A post on Matt Langley's blog made me start thinking again about critical theory and its relation to postmodernism and other art world isms that have come about since theory forced itself on an equal plane with artistic creation. Like Matt, I found the group associated with October to stimulate ways of thinking about art production and, on a higher level, its purposes in the contemporary world. The book "Art After Modernism" which was edited by Brian Wallis was my bible in art school with Hal Foster, Craig Owens and the other October editors being as influential as the Euro scene to me. I recently repurchased the Anti-Aesthetic (ed. Hal Foster) to read on an extended business trip and found myself thinking deeper about all levels of art from production to presentation and, ultimately critical scrutiny. I'm starting to dig into Hal Foster's book "The Return of the Real" which was published when I was not engaged in the art world enough to know of it. I received it as a Christmas gift from Lori who stated that she hopes she is never forced to read it. Now, Lori is one of the best painters I know and is intellectually superior to just about anyone I have ever met. It is telling that critical theory holds no real place in her practice. Does it really matter?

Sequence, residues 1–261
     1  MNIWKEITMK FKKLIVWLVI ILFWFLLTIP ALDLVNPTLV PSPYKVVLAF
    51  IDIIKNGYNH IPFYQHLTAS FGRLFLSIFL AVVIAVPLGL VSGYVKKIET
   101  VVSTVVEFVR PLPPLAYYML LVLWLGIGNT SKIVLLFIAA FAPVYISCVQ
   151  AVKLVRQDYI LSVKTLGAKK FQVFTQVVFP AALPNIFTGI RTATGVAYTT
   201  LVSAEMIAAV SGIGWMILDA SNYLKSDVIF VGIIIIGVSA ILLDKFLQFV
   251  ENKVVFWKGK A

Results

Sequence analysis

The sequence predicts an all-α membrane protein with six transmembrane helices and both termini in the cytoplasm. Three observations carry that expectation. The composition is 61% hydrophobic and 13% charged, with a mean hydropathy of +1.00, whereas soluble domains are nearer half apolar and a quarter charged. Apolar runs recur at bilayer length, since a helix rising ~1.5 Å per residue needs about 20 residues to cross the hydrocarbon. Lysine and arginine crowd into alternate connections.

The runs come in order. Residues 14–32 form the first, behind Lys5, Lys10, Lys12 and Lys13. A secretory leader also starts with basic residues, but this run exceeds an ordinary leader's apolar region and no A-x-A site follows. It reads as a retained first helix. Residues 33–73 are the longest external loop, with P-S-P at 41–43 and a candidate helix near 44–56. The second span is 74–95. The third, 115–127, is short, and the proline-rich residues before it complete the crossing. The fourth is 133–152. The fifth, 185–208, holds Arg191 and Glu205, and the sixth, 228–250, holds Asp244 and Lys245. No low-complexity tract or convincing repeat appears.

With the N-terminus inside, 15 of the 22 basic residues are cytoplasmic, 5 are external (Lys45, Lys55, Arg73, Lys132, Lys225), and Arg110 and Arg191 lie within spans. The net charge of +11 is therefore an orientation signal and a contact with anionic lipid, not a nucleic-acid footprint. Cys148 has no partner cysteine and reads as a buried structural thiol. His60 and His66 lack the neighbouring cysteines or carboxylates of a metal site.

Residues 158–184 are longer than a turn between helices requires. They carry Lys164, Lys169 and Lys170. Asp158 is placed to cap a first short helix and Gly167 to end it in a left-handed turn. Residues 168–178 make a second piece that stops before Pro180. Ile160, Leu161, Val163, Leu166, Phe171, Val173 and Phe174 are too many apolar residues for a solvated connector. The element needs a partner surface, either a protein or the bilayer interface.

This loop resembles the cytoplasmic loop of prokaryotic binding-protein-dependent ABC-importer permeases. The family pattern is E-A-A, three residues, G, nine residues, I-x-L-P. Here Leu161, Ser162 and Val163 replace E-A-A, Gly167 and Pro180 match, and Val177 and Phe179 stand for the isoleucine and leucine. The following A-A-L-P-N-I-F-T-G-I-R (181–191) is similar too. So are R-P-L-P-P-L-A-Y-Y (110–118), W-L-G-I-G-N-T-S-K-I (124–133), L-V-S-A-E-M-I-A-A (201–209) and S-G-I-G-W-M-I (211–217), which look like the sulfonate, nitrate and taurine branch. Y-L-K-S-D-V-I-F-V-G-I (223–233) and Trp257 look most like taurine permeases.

Matthew Langley Wooster Street 2010
Tuesday, December 28, 2010
Wednesday, December 1, 2010
I often joke that I only learned three tangible things in art school and only one had anything to do with technique. Back in 1984-85, when I was a foundations student at the Corcoran, I learned two of these three things. Franklin White taught me what a powerful tool the eraser can be. In response to my use of crappy, cheap acrylic colors and student grade canvas, Marie Ringwald told me to use the best materials I can afford. She showed me slides of some pieces that used glass bricks and neon (if my memory is correct). Over the long run, that statement has always stuck with me as much as a pink pearl and dry cleaning bag. I've come to understand that statement to mean, know why you are using what you are using to make your work. Does the material support the work or does it get in the way? In art, as in most things, it all comes down to balance. Do all elements work in concert with each other to create a seamless whole. I am looking to find work for Material World that finds that balance.
Marie Ringwald 2010
Marie Ringwald 2010